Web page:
SATuRN's Featured Partner: Division of Medical Virology, Stellenbosh University
Authors: Wolfgang Preiser, Gert van Zyl & Susan Engelbrecht
The Division of Medical Virology at Tygerberg comprises a diagnostic section which, as part of the South African National Health Laboratory Service (NHLS), provides a state-of-the-art, SANAS-accredited virological diagnostic service for the population of the Western Cape province. Its diagnostic staff perform an average of 14,000 tests per month of which almost one half are HIV-related, mostly HIV viral load, infant PCR and combined antibody-antigen tests.
In addition, its academic staff pursue a number of well established research interests. These include the genomic diversity and molecular epidemiology of HIV; immunological aspects of HIV infection relevant to the development of vaccines and novel immunotherapeutic approaches; the diagnosis and monitoring of opportunistic infections, especially hepatitis B virus (HBV); and diagnostic and epidemiological aspects of emerging viral diseases.
When South Africa finally embarked on its antiretroviral roll-out programme in 2004, this turned into a major success. However, from the experience of developed countries where universal antiretroviral coverage became a reality in the mid-1990s, it had to be expected that with the programme coming of age, novel challenges would emerge. One of these is antiretroviral drug resistance .
Based on Prof. Susan Engelbrecht's longstanding interest in HIV diversity, Prof. Wolfgang Preiser's experience with diagnosing and managing drug resistance in the U.K. and in Germany (where resistance testing is part of routine patient management), and Dr. Gert van Zyl's first-hand clinical involvement and interest in epidemiology, the Division developed HIV drug resistance as a new research theme.
This theme comprises a number of different aspects. Because genotypic resistance testing through sequencing is technically demanding and commercially available assays are expensive and may not perform well in our setting, an in house method which is better yet cheaper than comparable commercial tests was developed as part of a Master's project and is now being used routinely.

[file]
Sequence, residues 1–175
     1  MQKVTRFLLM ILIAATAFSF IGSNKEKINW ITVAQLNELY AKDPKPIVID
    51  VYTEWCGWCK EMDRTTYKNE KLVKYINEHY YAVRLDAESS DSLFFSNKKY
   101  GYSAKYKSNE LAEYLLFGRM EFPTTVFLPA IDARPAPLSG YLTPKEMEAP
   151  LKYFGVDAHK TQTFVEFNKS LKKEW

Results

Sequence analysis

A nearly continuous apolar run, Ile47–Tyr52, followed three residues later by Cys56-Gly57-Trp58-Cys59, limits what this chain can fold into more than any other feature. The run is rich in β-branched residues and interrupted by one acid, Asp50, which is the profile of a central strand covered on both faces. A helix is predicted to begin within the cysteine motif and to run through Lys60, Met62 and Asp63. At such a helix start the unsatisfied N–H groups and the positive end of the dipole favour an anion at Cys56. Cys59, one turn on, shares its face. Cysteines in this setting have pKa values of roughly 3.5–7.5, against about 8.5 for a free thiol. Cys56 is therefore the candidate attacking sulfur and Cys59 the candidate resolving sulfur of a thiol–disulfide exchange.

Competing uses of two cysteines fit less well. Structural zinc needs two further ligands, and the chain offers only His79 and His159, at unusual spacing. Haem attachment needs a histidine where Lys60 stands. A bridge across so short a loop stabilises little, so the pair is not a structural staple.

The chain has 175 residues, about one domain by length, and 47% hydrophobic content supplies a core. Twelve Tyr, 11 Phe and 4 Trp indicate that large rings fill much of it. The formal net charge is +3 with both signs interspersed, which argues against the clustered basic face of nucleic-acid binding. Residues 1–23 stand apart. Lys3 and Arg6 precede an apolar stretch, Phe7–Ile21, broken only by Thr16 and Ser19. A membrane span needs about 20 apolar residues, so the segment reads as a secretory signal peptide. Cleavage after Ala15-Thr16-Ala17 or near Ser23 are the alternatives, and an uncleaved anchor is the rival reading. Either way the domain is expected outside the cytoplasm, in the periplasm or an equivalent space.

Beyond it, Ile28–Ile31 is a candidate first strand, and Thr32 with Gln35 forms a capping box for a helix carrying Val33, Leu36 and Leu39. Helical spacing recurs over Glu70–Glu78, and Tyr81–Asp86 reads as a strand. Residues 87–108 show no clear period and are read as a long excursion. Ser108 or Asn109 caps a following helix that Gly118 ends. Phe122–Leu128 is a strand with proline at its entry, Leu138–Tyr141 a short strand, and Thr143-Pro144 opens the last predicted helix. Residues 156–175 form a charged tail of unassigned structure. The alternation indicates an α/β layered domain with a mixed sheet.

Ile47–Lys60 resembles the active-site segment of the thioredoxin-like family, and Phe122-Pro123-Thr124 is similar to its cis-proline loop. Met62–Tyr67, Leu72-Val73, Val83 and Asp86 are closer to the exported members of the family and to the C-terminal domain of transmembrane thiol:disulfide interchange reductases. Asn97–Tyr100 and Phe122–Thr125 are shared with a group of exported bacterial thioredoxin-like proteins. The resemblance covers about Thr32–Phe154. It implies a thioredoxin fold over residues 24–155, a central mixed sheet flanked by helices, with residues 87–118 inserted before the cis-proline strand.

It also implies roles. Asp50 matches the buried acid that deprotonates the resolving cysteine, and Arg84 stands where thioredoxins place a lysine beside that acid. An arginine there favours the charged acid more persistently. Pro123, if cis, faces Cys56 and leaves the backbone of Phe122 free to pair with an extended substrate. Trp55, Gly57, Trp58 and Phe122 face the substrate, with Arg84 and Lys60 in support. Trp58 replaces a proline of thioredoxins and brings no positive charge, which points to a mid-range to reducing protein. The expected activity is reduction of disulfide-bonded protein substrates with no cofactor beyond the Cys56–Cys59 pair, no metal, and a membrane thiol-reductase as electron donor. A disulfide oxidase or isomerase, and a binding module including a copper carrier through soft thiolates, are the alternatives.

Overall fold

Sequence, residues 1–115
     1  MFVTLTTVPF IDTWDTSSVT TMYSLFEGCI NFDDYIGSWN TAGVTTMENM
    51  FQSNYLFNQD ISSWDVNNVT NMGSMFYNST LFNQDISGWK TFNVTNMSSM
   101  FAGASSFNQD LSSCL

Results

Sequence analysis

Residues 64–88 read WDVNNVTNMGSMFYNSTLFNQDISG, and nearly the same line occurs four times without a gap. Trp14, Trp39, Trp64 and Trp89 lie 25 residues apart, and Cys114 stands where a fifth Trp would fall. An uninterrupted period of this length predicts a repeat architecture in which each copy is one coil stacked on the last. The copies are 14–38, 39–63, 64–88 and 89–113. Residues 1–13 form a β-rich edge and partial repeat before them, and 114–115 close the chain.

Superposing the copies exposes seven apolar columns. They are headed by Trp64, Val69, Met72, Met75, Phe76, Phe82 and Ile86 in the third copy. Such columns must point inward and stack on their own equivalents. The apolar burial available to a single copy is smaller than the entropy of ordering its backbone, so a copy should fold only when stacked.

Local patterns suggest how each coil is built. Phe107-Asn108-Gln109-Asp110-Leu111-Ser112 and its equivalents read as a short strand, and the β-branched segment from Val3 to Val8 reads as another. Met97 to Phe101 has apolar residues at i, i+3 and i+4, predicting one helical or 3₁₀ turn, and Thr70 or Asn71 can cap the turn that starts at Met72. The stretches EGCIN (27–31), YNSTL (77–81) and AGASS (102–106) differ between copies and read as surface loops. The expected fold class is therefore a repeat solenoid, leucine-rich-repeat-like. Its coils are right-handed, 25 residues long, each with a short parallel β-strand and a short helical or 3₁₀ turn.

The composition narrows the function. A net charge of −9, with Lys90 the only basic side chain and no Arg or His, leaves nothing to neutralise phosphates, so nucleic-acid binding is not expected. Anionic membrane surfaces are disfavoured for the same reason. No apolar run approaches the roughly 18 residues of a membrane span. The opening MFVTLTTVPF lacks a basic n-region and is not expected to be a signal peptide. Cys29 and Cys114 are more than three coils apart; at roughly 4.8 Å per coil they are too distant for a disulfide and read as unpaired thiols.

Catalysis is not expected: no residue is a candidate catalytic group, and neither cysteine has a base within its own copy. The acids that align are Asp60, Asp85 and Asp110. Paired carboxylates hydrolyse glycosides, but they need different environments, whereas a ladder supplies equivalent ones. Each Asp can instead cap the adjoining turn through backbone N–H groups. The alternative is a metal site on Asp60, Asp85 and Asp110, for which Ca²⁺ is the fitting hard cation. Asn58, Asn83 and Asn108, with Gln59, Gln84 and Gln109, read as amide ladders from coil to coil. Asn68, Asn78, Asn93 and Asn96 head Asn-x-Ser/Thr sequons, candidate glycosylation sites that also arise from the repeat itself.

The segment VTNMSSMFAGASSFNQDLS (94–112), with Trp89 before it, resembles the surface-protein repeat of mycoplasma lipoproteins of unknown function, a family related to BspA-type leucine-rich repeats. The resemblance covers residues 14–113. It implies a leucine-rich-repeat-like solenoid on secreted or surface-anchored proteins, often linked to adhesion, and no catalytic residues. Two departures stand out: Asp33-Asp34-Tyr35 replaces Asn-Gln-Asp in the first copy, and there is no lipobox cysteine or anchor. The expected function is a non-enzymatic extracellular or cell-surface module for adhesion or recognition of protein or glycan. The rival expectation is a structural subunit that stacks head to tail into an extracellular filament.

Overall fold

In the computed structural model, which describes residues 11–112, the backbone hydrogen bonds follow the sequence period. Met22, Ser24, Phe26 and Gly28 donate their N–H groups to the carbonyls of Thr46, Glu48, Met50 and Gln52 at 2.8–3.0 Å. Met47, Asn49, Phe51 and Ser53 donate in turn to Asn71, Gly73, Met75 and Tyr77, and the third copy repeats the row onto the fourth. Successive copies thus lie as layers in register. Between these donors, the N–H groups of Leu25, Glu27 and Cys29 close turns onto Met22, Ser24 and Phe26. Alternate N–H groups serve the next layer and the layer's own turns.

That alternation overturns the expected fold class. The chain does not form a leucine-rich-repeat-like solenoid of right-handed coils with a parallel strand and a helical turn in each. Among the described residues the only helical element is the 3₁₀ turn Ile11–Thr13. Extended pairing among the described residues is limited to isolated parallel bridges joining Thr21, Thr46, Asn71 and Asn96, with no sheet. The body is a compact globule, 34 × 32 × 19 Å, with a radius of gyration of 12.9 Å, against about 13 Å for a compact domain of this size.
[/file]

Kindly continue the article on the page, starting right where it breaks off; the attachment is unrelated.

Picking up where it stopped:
Tygerberg Virology is currently one of only two NHLS laboratories performing routine diagnostic HIV drug resistance testing. It performs approximately 80 tests per month, no mean feat for a very demanding test which, in addition to the laboratory side, requires the complex task of interpreting results in the context of the individual patient's treatment history. The number of requests for this highly specialised service is expected to increase further once guidelines on resistance testing are released by the SA HIV Clinicians Society.
The Division is conducting systematic surveillance in different groups of patients. Given that the "public health approach" means that patients receive standardised antiretroviral treatment regimens, the aim is to generate reliable data to inform future changes to the treatment protocol.
It was found that of mothers who received a dual regimen for the prevention of mother-to-child transmission of HIV, combining short-course zidovudine with single-dose nevirapine, only half as many (17.1%) developed resistance to the latter compared to mothers not receiving the zidovudine component. This is another significant advantage of the combined regimen, in addition to reducing the risk of neonatal infection.
A high rate of resistance mutations was found in pre-treatment Tanzanian patients not fulfilling the WHO criteria for transmitted resistance threshold surveys. This suggests that baseline resistance may be more common than would be expected from such surveys alone. WHO is currently considering a revision of surveillance recommendations for transmitted HIV drug resistance, to take into account these findings.
Overall however the results obtained so far are encouraging, demonstrating that antiretroviral drug resistance is not yet a major problem for most South African HIV patients. However, as the South African public sector treatment programme grows and the treated cohort "matures", more patients will develop resistance. In parallel, a larger proportion of new infections will then be acquired from those failing therapy and harbouring resistant virus.
A new publication on deep sequencing shed light on low levels of PI resistance in patients with poor adherence is also featured at the SATuRN 2012 report.
Division of Medical Virology , Department of Pathology, Faculty of Medicine and Health Sciences, Stellenbosch University and National Health Laboratory Service (NHLS) Tygerberg
PO Box 19063, Tygerberg 7505, SOUTH AFRICA
Tel: +27 21 938 9353, Fax: +27 21 938 9361
contact: Mrs Sal van Zyl, E-mail: firstname.lastname@example.org
By Wolfgang Preiser (Professor and Head),
Gert van Zyl (Senior Specialist) & Susan Engelbrecht (Professor and Senior Scientist